Trotsky lost the power struggle within the Bolshevik bureaucracy. He was up to then part of that bureaucracy and still had the ideology of that party after he lost the fight.
He would have been as brutal (if not more so) if he had won the fight as his track record in the Red Army ( where he ordered the shooting of Communists who had broken military discipline)as Stalin and just as anti-working class as his direction s on labour discipline, his treatment of railway workers etc) proved
The Bolshevik bureaucracy was profoundly anti-working class. Some talk about the defining moment for this happening being Kronstadt 1921. I don't really go for "defining moments" but I would date it back to 1918 at least.
It took a war for some Trotskyists to break with their ideology? Let's hope it doesn't take another one for people in the ICC to break with false notions like the above

nastyned
Offline
Joined: 30-09-03
Oct 24 2006 12:39
Alf wrote:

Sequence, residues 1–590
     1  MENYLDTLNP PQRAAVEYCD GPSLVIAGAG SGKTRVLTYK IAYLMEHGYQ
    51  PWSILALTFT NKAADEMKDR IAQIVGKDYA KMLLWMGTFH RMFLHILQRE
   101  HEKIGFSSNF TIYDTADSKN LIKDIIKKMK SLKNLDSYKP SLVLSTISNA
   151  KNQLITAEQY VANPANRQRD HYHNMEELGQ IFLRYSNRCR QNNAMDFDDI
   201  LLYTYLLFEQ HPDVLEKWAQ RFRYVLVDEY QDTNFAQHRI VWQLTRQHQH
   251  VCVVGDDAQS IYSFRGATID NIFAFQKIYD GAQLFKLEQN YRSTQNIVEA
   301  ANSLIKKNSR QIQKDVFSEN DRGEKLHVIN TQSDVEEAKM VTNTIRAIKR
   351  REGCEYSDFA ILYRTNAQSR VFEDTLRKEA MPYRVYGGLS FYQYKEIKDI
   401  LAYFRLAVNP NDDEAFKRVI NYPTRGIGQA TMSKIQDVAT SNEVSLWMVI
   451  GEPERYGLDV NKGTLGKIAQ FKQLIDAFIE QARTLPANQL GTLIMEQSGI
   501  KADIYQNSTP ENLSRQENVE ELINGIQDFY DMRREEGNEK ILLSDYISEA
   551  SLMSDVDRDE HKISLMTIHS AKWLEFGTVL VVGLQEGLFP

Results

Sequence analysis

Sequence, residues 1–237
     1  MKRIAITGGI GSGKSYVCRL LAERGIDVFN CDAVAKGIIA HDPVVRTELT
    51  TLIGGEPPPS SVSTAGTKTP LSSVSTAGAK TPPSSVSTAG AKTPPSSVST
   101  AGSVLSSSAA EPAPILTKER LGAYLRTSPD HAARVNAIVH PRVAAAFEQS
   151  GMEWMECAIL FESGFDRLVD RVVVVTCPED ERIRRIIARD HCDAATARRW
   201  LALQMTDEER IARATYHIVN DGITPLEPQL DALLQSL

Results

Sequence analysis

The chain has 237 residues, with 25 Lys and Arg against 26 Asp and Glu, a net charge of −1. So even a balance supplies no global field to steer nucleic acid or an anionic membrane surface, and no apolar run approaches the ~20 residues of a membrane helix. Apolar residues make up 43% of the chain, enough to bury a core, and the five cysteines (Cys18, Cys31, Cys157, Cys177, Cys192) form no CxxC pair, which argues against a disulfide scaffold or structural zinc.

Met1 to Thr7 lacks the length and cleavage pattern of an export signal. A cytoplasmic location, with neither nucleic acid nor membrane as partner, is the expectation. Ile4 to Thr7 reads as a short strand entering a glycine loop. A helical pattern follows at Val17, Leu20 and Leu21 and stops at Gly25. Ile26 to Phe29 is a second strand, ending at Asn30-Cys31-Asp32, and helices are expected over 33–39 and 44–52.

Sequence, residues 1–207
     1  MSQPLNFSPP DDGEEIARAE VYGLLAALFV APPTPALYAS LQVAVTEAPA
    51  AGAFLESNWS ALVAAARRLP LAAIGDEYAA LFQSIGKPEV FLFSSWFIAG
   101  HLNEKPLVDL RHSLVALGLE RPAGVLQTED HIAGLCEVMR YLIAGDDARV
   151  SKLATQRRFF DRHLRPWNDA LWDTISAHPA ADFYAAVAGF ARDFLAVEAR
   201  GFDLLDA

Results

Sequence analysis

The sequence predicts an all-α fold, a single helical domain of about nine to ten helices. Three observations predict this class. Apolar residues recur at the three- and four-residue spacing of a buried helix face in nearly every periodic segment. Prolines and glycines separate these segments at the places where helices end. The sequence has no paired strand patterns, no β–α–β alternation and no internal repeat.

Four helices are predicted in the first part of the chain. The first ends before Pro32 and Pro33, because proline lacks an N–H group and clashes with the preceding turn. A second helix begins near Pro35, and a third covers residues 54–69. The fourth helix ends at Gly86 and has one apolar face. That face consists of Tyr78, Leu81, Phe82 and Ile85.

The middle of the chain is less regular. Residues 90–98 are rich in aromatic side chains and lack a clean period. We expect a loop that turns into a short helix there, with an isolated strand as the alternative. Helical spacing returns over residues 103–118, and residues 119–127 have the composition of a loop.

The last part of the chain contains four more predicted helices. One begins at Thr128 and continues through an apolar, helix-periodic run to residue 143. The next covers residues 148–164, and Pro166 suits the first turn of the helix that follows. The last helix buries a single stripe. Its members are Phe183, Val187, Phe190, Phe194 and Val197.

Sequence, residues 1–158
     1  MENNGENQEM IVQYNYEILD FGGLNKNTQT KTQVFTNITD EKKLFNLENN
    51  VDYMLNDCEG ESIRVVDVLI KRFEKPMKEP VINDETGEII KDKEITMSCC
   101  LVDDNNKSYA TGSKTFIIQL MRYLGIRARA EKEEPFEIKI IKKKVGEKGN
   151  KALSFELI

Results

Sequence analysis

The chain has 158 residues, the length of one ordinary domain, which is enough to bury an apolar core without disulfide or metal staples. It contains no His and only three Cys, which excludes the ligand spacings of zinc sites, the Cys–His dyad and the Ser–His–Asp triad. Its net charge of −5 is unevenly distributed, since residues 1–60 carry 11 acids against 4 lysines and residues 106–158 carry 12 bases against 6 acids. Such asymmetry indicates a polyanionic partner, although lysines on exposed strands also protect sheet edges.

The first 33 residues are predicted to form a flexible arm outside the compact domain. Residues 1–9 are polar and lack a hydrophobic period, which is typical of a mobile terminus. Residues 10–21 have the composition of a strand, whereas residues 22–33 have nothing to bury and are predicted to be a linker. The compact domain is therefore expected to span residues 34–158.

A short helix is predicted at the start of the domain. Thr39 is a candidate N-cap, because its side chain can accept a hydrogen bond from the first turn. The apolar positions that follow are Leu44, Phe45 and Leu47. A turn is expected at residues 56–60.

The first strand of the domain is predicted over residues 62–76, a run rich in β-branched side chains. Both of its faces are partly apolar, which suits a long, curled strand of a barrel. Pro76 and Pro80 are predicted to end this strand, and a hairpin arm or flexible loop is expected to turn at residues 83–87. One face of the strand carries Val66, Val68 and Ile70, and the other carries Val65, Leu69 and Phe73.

... broke from Trotskyism during and even after the war

How many years after Kronstadt? There's really no excuse for keeping with Trotskyism until the 1940s.

Alf's picture
Alf
Offline
Joined: 6-07-05
Oct 24 2006 13:51

Currents with the clarity of those around Stinas and Munis don't tend to come straight out of bourgeois movements. And if only all of today's anarchists, who are so quick to reject the whole historical experience of the Left Opposition, were so intransigent when it comes to working with today's Trotskyists or seeing them as misguided authoritarian comrades....But I don't think this thread should turn into another discussion about the Bolsheviks and Kronstadt. Plenty of room for that elsewhere.

Battlescarred
Offline
Joined: 27-02-06
Oct 24 2006 14:10

So who works with Trots?

Alf's picture
Alf
Offline
Joined: 6-07-05
Oct 24 2006 14:22